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Eosinophilic Granuloma Complex in Cats

By Stephen D. White, DVM, DACVD, Professor and Chief of Service, Dermatology, Veterinary Medical Teaching Hospital; Department of Medicine and Epidemiology, School of Veterinary Medicine, University of California, Davis


In cats, three disease entities have been grouped in the complex.

Eosinophilic Ulcer:

This well-circumscribed, erythematous, ulcerative lesion, often neither painful nor pruritic, is usually found on the upper lip. Some are associated with a hypersensitivity to flea bites. Although reported to occur, progression to squamous cell carcinoma is extremely rare. Histology shows an ulcerative dermatitis, with a cellular infiltrate of eosinophils, neutrophils, plasma cells, and mononuclear cells predominating. Mild to moderate fibroplasia is common. Peripheral eosinophilia is not as common as in the eosinophilic plaque or the linear granuloma. Occasional cases due to pyoderma or dermatophytes have been reported; thus, a fungal culture of the surrounding hairs is recommended.

Eosinophilic Plaque:

This well-circumscribed, erythematous, raised lesion is most commonly found in the medial thigh and abdominal regions; it is extremely pruritic. Regional lymphadenopathy can be seen. Histology shows a diffuse eosinophilic dermatitis with marked epidermal inter- and intracellular edema and vesicles containing eosinophils. Mast cells may also be present in the dermis. Peripheral eosinophilia is common.

Eosinophilic Granuloma:

These typically raised, well-circumscribed, yellowish to pink lesions may be found anywhere on the body but are most common on the caudal thighs and in the oral cavity. When these lesions develop on the head, face, bridge of the nose, pinnae, or pads of the feet, mosquito bites may be the inciting cause. The caudal thigh lesions are usually distinctly linear. Histologically, a granulomatous inflammatory response surrounds collagen fibers. Tissue and peripheral eosinophilia are marked when the lesions are in the mouth but vary when lesions are on the skin.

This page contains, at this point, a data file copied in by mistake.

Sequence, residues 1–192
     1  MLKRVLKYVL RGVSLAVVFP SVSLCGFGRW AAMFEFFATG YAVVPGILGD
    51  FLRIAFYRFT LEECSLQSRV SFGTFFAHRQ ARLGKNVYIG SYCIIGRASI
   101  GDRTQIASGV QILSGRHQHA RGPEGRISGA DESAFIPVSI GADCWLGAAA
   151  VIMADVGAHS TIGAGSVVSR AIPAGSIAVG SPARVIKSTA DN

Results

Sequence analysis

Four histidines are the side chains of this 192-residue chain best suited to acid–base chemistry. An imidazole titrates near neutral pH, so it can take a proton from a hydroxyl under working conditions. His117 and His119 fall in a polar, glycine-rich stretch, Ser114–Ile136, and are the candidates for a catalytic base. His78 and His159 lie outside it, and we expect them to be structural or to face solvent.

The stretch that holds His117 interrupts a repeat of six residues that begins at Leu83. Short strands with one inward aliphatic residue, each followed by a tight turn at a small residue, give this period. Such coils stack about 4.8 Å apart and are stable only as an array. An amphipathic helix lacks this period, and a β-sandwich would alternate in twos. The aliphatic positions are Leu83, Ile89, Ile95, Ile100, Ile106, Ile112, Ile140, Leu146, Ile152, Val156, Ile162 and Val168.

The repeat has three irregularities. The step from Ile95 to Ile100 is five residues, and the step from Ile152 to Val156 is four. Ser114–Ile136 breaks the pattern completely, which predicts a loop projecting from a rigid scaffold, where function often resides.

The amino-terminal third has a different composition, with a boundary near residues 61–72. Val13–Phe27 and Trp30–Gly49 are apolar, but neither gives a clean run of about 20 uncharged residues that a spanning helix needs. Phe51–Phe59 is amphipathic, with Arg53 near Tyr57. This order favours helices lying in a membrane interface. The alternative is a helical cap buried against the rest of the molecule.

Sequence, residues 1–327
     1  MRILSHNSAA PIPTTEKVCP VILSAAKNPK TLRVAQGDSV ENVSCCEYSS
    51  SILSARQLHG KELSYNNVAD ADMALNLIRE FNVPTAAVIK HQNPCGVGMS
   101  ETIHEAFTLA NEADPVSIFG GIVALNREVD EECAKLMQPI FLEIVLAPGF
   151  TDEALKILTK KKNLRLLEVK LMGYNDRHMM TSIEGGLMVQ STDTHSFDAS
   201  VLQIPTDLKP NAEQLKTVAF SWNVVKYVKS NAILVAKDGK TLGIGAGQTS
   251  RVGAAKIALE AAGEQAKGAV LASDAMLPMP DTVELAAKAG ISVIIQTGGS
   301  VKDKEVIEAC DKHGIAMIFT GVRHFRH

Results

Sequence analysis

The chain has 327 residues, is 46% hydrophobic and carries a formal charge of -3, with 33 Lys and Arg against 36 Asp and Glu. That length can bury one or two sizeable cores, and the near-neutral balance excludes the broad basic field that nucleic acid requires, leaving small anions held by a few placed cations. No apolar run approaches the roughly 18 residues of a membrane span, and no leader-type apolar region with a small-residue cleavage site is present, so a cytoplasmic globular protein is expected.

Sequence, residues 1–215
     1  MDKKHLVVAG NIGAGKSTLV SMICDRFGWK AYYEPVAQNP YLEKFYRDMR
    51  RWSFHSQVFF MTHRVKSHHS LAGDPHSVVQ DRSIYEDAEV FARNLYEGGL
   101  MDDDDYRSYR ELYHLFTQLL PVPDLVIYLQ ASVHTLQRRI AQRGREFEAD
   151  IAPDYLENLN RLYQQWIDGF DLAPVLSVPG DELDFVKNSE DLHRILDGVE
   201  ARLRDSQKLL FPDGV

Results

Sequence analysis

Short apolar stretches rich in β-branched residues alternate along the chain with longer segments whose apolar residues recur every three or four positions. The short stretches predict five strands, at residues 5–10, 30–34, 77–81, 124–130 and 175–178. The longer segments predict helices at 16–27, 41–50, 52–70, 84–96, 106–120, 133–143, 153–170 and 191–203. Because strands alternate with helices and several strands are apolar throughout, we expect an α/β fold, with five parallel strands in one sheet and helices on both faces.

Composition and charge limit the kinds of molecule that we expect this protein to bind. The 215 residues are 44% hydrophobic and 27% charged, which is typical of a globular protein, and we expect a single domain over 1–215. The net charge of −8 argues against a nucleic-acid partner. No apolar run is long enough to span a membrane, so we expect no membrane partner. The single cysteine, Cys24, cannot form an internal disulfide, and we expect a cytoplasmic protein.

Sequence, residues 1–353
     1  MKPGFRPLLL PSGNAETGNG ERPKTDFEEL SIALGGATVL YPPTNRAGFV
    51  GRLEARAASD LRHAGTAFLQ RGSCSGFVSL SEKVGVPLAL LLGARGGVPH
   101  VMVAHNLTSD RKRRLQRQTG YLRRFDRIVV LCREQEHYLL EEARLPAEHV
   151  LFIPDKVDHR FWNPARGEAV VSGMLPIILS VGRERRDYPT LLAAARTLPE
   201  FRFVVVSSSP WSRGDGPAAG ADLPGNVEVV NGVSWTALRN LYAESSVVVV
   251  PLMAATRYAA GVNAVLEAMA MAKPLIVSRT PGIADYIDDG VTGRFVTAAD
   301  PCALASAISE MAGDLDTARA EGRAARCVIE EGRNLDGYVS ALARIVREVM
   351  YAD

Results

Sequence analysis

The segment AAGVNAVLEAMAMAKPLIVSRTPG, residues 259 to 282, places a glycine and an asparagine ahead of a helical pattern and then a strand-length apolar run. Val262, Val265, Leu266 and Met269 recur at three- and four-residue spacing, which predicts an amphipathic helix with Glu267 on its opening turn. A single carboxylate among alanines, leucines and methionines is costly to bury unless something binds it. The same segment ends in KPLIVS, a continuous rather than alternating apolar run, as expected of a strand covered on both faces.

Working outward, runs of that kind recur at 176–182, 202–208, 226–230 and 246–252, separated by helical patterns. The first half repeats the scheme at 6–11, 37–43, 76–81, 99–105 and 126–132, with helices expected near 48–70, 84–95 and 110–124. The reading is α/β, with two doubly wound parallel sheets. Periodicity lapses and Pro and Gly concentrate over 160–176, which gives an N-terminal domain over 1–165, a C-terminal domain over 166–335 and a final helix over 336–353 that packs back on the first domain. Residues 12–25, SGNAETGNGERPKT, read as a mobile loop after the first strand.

Hypersensitivity disorders (allergy to fleas, food, or inhalants) should be investigated by instituting strict flea control, testing for environmental allergens (intradermal or in vitro), and conducting dietary elimination trials. Hyposensitization, continued insect control, and dietary management should be used when appropriate. Antibiotic therapy (amoxicillin-clavulanate, cephalosporins, or fluoroquinolones) should be tried empirically, especially in refractory cases. If no underlying cause can be determined and the condition is refractory, corticosteroids, such as methylprednisolone acetate (4 mg/kg, IM, once every 2 wk for 2–3 injections), oral prednisolone (2–4 mg/kg/day), or oral triamcinolone (0.8 mg/kg/day), can be tried. Oral corticosteroids should be tapered to alternate days (or to every third day in the case of triamcinolone) and dosages reduced when used for long-term management. Long-acting injectable methylprednisolone acetate should not be used more often than every 12 wk because of the potential to induce hyperadrenocorticism and/or diabetes mellitus. Cyclosporine (7 mg/kg/day) has been used successfully in the eosinophilic granuloma and plaque, less so in the lip ulcer. This may require laboratory monitoring (at least twice yearly) for metabolic (eg, renal) changes, although internal organ dysfunction is relatively rare. Progestational drugs, such as megestrol acetate or medroxyprogesterone acetate, have also been effective; however, they are not recommended because of their potential adverse effects.